The biggest advantage of using sets of models is that you can divide a complex problem into several smaller problems, each handled by a subset of models, each having the most appropriate characteristics for solving each specific problem. In addition, it is possible to use less-complex models to find the solution of a complex problem, which is a good idea if a model needs to be explainable without sacrificing performance. Today there is much effort to make models more interpretable to better understand decisions recommended by intelligent systems. A common problem with this type of approach occurs when there is a need to group data by similar characteristics. In this way some groups may have few points. This type of situation is difficult to model, although there are techniques for handling these cases.

The use of a single model can be the solution to some of these problems. Using all the available data, a more complex model with multiple exits may have higher accuracy, in addition to modeling some problems better. Due to its high complexity, this type of model is more likely to present problems of overfitting and to have less interpretability at the same time as it manages to handle more difficult problems with better accuracy than would be obtained by simple models.

Another problem that frequently occurs in industrial applications is the lack of maintenance of the models. Like any model based on data, digital twins are subject to obsolescence. As changes occur in the process, it is difficult for the model to follow them without help. A few different approaches can be used to solve this problem. The most common strategy is to define a time interval, for example three months, and retrain the model with more recent data. Another possibility is to also model the degradation of the equipment over time.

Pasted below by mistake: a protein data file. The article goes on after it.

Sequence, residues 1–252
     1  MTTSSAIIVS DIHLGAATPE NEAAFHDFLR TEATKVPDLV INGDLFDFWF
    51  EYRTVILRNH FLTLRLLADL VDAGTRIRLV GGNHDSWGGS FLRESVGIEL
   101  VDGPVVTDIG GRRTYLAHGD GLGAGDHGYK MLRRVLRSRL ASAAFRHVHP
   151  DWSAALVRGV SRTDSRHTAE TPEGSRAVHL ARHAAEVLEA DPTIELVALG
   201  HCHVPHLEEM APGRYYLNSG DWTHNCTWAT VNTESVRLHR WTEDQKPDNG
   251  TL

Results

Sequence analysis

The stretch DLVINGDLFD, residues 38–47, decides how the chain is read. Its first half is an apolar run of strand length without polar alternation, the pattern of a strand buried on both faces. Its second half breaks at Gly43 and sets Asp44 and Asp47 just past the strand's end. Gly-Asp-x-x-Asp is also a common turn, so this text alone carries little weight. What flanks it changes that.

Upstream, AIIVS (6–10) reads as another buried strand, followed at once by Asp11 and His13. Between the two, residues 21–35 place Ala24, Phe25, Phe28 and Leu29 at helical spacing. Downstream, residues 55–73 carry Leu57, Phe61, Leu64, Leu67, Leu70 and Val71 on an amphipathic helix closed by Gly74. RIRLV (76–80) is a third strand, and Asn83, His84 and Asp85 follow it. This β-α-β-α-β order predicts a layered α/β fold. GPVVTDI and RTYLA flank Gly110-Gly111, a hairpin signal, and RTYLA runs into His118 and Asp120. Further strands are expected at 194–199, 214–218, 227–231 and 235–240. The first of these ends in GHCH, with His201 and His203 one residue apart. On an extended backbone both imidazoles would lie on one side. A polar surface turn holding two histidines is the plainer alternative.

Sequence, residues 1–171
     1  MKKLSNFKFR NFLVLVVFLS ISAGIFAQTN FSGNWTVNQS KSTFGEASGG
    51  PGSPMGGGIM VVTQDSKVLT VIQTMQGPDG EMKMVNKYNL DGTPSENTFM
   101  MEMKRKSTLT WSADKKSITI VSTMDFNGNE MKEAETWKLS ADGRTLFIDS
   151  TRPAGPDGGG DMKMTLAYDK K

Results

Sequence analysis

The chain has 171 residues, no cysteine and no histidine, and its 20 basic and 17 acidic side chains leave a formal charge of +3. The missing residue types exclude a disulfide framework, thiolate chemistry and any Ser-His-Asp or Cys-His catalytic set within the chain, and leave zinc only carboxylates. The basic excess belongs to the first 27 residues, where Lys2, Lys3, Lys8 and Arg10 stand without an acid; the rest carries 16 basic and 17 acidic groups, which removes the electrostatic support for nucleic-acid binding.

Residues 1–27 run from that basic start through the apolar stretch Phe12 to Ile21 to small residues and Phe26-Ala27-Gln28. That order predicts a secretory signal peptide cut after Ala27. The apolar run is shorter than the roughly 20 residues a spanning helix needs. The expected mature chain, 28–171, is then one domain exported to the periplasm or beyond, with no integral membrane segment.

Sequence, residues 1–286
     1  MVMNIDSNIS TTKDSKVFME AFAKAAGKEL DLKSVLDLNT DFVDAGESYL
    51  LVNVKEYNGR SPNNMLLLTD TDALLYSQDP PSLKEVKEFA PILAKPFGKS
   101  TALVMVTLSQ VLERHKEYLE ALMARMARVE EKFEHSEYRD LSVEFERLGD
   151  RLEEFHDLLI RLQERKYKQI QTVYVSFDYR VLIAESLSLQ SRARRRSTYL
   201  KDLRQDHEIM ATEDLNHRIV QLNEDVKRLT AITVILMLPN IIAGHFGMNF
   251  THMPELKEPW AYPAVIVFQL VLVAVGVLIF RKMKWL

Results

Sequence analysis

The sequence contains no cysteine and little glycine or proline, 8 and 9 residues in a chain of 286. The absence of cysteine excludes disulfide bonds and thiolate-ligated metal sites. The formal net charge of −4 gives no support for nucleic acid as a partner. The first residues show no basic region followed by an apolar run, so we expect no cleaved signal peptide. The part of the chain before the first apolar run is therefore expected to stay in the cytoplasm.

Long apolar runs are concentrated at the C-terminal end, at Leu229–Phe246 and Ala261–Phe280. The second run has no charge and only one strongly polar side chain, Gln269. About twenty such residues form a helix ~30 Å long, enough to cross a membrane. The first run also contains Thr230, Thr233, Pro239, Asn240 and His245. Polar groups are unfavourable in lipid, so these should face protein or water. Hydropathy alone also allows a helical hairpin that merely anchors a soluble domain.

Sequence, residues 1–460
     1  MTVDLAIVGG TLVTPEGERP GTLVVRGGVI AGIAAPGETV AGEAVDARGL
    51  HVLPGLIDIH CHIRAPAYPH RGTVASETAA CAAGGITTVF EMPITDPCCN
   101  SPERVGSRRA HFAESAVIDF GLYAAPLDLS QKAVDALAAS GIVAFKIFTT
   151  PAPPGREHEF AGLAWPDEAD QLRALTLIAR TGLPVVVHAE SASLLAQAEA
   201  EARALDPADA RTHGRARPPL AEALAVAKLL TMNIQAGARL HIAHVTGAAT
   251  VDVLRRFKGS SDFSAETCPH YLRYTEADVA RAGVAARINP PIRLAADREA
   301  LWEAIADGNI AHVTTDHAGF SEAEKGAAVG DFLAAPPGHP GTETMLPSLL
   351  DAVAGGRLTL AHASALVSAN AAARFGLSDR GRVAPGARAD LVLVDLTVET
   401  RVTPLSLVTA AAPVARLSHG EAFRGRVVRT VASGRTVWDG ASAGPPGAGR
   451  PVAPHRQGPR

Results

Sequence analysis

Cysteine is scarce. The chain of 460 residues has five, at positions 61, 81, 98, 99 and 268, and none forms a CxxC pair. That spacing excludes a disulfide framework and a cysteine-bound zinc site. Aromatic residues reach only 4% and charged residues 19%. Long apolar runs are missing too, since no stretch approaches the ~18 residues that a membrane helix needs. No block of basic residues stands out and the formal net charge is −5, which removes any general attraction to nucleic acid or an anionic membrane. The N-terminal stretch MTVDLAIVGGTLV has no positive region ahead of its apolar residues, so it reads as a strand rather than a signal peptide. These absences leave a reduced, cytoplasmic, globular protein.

Conclusion

Digital twins are tools that can bring exceptional benefits to industry. Like all tools, some prerequisites need to be met in order to obtain effective results. By following a structured methodology it is possible to create models that are effectively digital replicas of physical systems. To this end it is extremely important to have solid instrumentation and a modeling that is consistent with the system.

The Viridis platform is extensively based on the concepts of the Internet of Things, Big Data, and Industry 4.0, as it is capable of capturing, storing and processing large volumes of data on the consumption of energy and utilities of any operational unit, whether a specific machine or a production process as a whole. These data, combined with information about the context in which they were recorded (production plans, process variables, operational parameters, among others), makes possible, using the techniques of Machine Learning, the construction of predictive models that are combined to create a digital representation of that asset – a digital twin. The large integration capacity of the platform facilitates the capture of relevant data, while its modeling and visualization capabilities make the use, interpretation, and evolution of digital twins easy, resulting in significant value creation for our clients.


Data Analyst , Viridis

Data Analyst for Viridis, degree in electrical engineering from UFMG. He has a solid understanding of computational intelligence and statistics, acquired during his time at the Computational Intelligence Laboratory of the School of Engineering of UFMG.